Tag Archives: Adjusted gross income

Optimize Savings On Your 2014 Tax Return

It’s always difficult to be caught up in a mad rush at the end of the tax season to get your federal taxes filed on-time. Filing at the last minute is bound to be particularly stressful this year due to the scaled back phone support from the IRS and the additional requirements set by the Affordable Care Act. Here are some tax changes to take note of now so you are not surprised down the stretch.

Tax Breaks

Sales tax can be deducted once again thanks to the last minute efforts in Congress. The primary beneficiaries of this measure are resident of states that have no income tax, as well as those living in states will considerably low income taxes. There is an IRS Sales Tax Deduction Calculator online to help assess the amount covered.

2014 Tax ReturnMortgage insurance premiums may also be deducted in some cases. Only people with a 2014 gross income that is less than $109,000 and who took out the loan after 2006 are eligible for the tax break. Programs like TurboTax Online will make the calculation for you automatically when you enter your income and your mortgage insurance paid.

Seniors are also going to get a couple additional breaks this year thanks to Congress. Those who are 70 and a half years of age may transfer as much as $100,000 from their individual retirement account (IRA) to a qualified charity. This will not be included in the gross income but instead count as the required minimum distribution. This may reduce taxes on Social Security benefits and avoid the Medicare high income surcharge.

Note that these tax breaks are only for the 2014 tax return. Congress has not made them permanent and the changing political landscape is likely to affect their renewal for the following year. Make sure to check several online tax resources next tax season to make sure they were renewed again.

Investment Income Tax

Single taxpayers with adjusted gross incomes in excess of $200,000 and married taxpayers with $250,000 or more may have to pay 3.8% surtax on their investments. Tax-exempt interest is not covered by the surtax.

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What Does Obamacare Mean For Your Tax Future?

Obamacare TaxesThe implementation of the Affordable Care Act continues to move forward. Failing to adjust withholding strategies and medical expenditures may result in added tax liability. What do the increased cost of healthcare and decreased deductions mean for you and your family? Here are some of the most significant changes to tax laws under the Affordable Care Act.

Higher Taxes on Investment Income

If you derive a significant percentage of your income from investments, you can expect somewhat higher taxes for the 2013 fiscal year. This typically applies to individuals who earn more than $200,000 and married couples who make over $250,000 jointly. Most other investors and taxpayers will see little or no change in the rate of taxation for their income-producing investments.

Upper Income Brackets Will See Medicare Tax Increases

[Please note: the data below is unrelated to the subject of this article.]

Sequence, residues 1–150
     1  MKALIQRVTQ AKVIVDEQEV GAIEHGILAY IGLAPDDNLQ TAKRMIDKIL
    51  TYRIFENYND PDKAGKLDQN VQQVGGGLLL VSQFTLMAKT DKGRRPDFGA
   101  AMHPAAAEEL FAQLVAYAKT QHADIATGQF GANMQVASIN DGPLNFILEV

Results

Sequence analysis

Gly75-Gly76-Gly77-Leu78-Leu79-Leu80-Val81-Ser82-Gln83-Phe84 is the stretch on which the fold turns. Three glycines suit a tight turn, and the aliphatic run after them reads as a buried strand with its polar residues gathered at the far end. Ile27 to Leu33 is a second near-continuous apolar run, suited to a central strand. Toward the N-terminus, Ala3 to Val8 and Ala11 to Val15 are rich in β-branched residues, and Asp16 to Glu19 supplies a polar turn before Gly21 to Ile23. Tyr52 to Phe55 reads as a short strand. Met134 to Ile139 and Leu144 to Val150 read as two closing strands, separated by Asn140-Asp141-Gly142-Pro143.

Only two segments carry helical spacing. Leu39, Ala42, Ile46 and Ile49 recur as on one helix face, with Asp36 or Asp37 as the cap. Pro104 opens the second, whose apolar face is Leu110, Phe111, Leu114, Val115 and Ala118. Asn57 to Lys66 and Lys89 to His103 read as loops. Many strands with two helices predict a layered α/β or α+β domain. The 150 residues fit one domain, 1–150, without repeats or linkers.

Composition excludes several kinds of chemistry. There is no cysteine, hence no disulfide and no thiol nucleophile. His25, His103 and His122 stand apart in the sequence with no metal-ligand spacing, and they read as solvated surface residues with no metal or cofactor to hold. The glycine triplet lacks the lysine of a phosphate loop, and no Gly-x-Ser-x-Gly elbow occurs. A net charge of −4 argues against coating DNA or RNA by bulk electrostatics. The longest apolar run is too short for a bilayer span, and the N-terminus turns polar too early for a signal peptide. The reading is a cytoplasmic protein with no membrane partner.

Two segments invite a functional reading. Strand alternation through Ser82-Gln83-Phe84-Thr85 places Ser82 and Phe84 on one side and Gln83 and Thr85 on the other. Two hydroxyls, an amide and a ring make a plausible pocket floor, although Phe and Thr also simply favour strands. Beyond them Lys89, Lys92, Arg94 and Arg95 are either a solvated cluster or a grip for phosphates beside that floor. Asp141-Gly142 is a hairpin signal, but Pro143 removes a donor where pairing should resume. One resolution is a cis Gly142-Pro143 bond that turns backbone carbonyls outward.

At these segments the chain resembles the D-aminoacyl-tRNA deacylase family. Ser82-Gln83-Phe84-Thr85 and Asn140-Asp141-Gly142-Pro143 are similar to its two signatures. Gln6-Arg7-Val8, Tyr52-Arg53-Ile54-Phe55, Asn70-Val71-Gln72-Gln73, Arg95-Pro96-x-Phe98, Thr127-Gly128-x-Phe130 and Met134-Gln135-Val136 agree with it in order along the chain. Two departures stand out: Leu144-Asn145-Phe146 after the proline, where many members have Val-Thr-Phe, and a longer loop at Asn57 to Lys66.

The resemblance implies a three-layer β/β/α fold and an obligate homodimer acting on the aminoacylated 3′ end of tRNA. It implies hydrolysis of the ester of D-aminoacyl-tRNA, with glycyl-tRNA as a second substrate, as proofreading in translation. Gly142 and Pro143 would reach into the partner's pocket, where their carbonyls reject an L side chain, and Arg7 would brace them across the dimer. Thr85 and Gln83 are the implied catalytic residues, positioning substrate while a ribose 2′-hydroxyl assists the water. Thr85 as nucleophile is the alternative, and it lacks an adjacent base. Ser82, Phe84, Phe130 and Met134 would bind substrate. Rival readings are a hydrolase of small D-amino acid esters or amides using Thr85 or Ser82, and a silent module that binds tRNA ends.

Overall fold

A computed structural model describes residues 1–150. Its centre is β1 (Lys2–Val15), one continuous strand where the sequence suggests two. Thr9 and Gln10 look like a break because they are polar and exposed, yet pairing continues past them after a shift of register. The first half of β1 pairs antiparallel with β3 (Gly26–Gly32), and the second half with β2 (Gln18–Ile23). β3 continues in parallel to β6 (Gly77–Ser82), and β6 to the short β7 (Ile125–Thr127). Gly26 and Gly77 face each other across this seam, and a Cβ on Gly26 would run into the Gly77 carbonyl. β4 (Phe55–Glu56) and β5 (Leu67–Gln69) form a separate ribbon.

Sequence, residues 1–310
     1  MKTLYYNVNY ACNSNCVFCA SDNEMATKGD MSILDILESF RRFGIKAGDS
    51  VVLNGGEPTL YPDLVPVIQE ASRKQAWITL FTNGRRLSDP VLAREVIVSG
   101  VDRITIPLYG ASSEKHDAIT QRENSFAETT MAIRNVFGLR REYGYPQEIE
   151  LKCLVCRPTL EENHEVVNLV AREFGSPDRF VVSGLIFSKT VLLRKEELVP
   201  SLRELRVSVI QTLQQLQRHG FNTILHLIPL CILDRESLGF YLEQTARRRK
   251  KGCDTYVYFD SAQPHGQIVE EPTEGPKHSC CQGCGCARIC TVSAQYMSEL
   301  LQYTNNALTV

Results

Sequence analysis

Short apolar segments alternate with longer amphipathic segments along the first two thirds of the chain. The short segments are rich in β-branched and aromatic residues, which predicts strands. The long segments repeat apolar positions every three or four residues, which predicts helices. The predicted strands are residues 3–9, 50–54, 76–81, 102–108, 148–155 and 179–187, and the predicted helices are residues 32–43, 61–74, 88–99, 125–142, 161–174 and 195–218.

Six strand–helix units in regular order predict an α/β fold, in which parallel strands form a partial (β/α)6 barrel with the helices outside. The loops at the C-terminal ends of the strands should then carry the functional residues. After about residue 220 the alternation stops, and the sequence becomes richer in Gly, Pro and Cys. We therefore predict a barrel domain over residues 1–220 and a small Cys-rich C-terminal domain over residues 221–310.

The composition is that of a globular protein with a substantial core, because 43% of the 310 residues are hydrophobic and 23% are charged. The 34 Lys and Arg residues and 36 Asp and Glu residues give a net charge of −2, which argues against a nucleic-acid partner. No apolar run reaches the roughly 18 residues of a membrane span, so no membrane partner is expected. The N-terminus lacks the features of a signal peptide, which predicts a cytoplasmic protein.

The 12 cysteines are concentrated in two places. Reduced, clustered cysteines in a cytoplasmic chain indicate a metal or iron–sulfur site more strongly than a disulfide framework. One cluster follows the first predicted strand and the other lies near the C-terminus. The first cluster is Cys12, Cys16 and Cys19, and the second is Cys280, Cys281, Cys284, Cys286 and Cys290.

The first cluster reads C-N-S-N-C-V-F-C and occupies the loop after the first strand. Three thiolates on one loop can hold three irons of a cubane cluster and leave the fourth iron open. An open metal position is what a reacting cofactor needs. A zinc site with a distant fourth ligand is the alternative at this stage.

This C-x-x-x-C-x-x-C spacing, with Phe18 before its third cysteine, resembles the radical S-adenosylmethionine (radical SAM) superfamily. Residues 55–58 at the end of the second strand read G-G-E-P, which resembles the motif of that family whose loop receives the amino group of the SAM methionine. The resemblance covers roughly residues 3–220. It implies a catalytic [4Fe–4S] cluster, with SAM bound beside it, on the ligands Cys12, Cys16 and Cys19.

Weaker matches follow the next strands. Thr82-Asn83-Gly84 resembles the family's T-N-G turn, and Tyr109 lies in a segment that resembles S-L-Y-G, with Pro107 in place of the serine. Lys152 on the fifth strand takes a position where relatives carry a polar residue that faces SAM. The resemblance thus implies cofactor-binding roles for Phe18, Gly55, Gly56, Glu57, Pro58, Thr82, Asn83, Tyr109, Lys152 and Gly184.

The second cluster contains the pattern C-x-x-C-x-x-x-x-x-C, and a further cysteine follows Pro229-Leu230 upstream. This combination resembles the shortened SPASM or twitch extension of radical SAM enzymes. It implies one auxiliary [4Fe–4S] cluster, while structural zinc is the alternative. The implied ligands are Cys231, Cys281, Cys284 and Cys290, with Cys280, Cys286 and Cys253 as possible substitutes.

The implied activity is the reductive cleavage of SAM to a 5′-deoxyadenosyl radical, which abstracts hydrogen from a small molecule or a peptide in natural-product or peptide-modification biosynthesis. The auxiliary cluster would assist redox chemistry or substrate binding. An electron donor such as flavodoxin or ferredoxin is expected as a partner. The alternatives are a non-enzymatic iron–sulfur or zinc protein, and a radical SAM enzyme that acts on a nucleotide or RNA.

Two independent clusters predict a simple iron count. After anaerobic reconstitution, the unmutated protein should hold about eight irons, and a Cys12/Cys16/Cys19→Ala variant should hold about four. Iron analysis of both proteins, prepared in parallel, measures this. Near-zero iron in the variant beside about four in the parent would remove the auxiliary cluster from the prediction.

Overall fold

Payroll taxes are often overlooked by individuals when considering their overall tax liability. Since these taxes are taken out of paychecks before workers receive them, changes in these rates can easily go unnoticed. However, couples who earn more than $250,000 jointly may get an unpleasant surprise at tax time: An increase in Medicare hospital taxes of nearly one percent may not be withheld by employers who are unaware of the joint income levels of the married couple. High-earning married couples may be responsible for any amount due that is not withheld as payroll taxes.

Reduced Deduction Percentages for Medical Expenses

Prior to the implementation of the Affordable Care Act, individuals could deduct their medical expenses if those expenses reached 7.5 percent of their adjusted gross income. That figure has now risen to 10 percent, reducing the availability of these deductions for rich and poor alike.

Changes to Flexible Spending Accounts

For 2013, only the first $2,500 deposited into flexible spending accounts (FSAs) will be tax-free. All other deposits will be liable to the regular tax rates applied to other earned income. As a result, many firms are now implementing limits of $2,500 on FSAs to eliminate the need for specialized W-2 forms and to protect their employees against potential financial liabilities when tax time rolls around once more.

New Taxes on Durable Medical Goods and Devices

The Affordable Care Act requires a new excise tax on medical devices including braces, gloves, pacemakers, nebulizers and many other items of medical equipment. While this new tax will not affect patients directly, it is likely to increase the costs of these items and may shift a greater percentage of the financial burden for advanced systems to the private individual as medical supply companies adjust their rates to make up for these added costs.

What You Can Do

Making the necessary changes to withholding, FSA contributions and other healthcare-related activities can help consumers manage the new requirements of the Affordable Care Act and can provide an added level of defense against increased taxes and reduced services in the medical arena. Make sure you consult with experienced and qualified tax experts who can advise you on the latest tax-related changes and help you navigate them.

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